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bmazin

Canon Wireless Strobe Idea

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First, an introduction. I take pictures underwater as a hobby, and build underwater propulsion systems as a business (www.jetboots.com).

 

I don't post here much, but lurk frequently and have learned a lot. I've just gotten a digital rebel, and after exploring my housing options came up with what might be a neat idea.

 

Here are the basics:

1) Take up to four(!) 550EX speedlites and house them in a mostly clear polycarbonate or acrylic housings (easy)

2) Take a ST-E2 wireless transmitter and build a clear housing for it with bulkhead connector (easy)

3) Wire the ST-E2 to any housing and mount it on top of the housing with a reflector to send most of the IR pulse in two cones directed sideways (fairly easy)

 

Now you have a wireless strobe system with E-TTL. The only real problems I can see are:

 

A) Getting the ST-E2 to talk to the camera well with all the connectors the signal must pass through (try and see)

 

B) Getting enough IR transmission underwater to make the system work. My first guess is the IR transmission will work fine in reasonable vis - the IR LEDs work around 900 nm, which is only a couple of hundred nm outside the human visual range, so the transmission probably won't be down too much. The stated range of the wireless system on land is about 30' - since the light falloff is 1/r^2, and an average strobe to camera distance is about 2', we would need an attenuation of around 225x between the camera and strobe to make the strobe miss the signal - seems unreasonable if the optical vis is good enough to be taking pictures. I'm looking for some references of optical attenuation in seawater to verify this.

 

Can you guys think of any other potential show stoppers?

 

B&H has the two speedlites and the transmitter for $800, and I'm guessing that I could build the three housings for about $1000, for a total cost of $1800 for a two strobe system.

 

Would the canon users out there be interested in this if it works? What if it only works right 95% of the time?

 

What kind of strobe mounting point would you prefer?

 

Ikelite or Nikonos bulkheads?

 

What max depth rating is acceptable? (remember, the deeper the bulkier)

 

Ben Mazin

President, MST, Inc.

ben@jetboots.com

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I thought about this idea a long time ago using the original Minolta wireless system.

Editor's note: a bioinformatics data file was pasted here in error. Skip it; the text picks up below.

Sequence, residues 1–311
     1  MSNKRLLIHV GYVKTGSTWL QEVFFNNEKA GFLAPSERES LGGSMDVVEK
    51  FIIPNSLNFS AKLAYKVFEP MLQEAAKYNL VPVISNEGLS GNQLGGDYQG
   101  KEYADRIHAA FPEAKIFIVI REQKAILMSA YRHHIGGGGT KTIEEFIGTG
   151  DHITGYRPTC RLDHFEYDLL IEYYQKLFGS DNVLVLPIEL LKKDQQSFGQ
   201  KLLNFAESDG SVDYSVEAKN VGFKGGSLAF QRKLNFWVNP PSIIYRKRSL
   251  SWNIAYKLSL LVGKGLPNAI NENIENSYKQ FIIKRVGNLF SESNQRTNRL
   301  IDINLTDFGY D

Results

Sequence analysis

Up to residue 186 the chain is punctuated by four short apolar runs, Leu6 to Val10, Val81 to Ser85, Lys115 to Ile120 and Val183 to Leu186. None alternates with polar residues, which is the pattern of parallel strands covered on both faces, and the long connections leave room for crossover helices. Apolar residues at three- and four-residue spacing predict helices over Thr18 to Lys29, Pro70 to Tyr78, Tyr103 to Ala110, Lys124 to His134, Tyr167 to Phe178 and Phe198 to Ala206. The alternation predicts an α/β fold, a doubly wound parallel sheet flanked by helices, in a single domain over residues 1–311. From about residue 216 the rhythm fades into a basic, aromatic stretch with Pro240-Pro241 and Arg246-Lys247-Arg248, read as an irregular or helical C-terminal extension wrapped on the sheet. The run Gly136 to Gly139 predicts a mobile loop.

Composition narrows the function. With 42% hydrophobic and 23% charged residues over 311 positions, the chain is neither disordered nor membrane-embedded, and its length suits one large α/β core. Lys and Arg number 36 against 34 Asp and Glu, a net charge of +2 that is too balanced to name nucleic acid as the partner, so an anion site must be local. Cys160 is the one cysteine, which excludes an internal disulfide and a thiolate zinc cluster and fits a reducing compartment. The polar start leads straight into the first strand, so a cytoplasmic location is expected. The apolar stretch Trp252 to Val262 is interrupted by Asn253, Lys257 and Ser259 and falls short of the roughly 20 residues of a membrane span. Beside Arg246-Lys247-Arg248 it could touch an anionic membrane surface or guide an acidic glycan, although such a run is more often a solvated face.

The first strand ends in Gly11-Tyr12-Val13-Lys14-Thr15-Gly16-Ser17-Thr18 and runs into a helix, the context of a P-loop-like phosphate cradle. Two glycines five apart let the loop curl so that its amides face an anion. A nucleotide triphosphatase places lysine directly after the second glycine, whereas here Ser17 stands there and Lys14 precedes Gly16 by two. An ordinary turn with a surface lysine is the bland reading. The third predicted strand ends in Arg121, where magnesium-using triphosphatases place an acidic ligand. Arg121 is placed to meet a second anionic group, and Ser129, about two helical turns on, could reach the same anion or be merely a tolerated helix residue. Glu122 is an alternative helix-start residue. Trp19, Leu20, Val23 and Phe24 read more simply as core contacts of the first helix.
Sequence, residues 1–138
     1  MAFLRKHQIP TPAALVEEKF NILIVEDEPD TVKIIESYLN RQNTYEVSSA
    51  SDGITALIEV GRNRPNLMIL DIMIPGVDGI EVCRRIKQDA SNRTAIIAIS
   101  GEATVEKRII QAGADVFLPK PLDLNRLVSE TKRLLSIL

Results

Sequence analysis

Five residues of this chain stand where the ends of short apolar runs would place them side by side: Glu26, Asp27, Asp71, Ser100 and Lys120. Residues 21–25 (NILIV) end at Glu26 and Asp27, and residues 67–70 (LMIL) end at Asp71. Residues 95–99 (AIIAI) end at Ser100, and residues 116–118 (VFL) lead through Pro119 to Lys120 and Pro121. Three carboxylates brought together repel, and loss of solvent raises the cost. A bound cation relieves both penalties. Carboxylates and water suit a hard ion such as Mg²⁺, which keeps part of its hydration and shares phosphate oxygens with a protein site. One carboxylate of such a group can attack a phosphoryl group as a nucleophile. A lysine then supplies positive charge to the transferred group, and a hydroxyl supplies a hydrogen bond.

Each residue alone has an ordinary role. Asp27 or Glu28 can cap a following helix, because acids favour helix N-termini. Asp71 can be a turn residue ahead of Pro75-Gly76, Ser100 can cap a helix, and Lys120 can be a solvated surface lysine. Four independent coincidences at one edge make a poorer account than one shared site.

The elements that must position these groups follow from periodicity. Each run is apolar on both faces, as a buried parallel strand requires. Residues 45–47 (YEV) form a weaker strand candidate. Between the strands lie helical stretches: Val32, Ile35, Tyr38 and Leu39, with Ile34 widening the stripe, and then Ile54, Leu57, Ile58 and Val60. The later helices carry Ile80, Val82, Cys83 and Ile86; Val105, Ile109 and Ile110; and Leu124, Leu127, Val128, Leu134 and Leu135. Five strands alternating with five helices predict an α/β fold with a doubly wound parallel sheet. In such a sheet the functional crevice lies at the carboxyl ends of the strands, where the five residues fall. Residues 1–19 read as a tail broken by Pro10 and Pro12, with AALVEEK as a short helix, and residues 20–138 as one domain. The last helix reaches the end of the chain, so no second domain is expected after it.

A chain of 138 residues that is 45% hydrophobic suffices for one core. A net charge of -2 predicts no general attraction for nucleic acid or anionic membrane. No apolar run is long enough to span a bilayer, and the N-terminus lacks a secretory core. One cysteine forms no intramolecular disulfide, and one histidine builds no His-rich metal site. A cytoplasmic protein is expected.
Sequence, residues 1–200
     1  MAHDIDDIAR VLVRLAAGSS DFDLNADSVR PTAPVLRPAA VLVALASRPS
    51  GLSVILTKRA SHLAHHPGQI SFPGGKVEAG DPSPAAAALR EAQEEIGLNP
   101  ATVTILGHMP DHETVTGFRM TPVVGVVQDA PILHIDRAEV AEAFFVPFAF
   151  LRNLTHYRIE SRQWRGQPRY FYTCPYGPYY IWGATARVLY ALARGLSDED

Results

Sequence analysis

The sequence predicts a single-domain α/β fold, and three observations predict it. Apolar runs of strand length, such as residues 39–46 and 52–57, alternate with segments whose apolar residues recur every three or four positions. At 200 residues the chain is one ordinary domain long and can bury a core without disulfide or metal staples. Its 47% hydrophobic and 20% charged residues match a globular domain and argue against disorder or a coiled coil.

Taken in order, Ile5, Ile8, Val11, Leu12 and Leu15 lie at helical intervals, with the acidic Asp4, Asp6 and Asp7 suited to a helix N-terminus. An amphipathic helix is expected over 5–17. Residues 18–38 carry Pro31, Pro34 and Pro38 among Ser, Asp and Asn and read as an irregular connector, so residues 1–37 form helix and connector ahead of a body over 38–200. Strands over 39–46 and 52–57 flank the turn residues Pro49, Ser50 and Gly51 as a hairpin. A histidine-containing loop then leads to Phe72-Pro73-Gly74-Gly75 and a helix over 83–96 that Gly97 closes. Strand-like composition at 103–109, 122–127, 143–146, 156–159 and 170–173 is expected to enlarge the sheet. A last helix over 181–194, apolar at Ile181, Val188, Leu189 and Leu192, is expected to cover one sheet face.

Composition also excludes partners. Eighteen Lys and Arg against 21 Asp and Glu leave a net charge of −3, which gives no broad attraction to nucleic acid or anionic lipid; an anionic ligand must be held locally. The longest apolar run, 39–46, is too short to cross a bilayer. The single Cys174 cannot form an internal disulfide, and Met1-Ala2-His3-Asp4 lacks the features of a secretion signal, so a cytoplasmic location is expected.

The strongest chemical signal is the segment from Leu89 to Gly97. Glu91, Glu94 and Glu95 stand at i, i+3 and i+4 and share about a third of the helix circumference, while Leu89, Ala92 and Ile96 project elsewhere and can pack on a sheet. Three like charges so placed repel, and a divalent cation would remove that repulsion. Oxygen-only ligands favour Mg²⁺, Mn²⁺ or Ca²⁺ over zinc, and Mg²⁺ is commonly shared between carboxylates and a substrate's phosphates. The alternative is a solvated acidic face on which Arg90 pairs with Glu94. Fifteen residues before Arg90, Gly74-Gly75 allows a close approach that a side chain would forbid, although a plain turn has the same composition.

I am told by Minolta not to waste my money as it will not work efficiently if at all through PC even in distilled water without using a fibre optic link.

 

I'd love this to be proven wrong all the same...

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I have also thought about this approach.

 

The canon EOS system requires 6 pins for ETTL. so the Ike and Nikonos connectors cannot be used. The europeans are using a 6pin connector called the S6 for the EOS strobe housings.

 

an interesting feasability test could be done by placing the camera and ST-E2 on one side

of a large aquarium and the slave stobes on the opposite side. a Nice 125 gal should work.

 

The most important feature, IMHO, should be access to all the controls on the ST-E2.

full flash ratio would be pretty cool!

 

rich

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an interesting feasability test could be done by placing the camera and ST-E2 on one side

of a large aquarium and the slave stobes on the opposite side. a Nice 125 gal should work.

 

Great minds thinking alike - I was planning on doing the aquarium test today. I'll have to use some black fabric to mask off the room, since the IR bounces well and could easily go around the aquarium. Stay tuned.

 

Anyone know a source for the six pin bulkheads?

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Using a fiber optic link is NOT out of the question... Fiber optic kits are available from Sea and Sea and Inon.

 

Cheers

James

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True, there are fiber optics specifically designed to carry IR like Ocean Optics VIS-NIR fiber, which has an attenuation of somethinge like .002 dB/m (!) at the appropriate wavelengths (my day job is a research astronomer at Caltech, so I've a bit of experience with this sort of thing)

 

Ocean Optics Fiber

 

This could almost certainly be made to work - a good fallback plan if the aquarium test comes up negative.

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Hey,

 

I like the idea of the fiber optic but I don't think the transmiter or the IR receiver are necessary.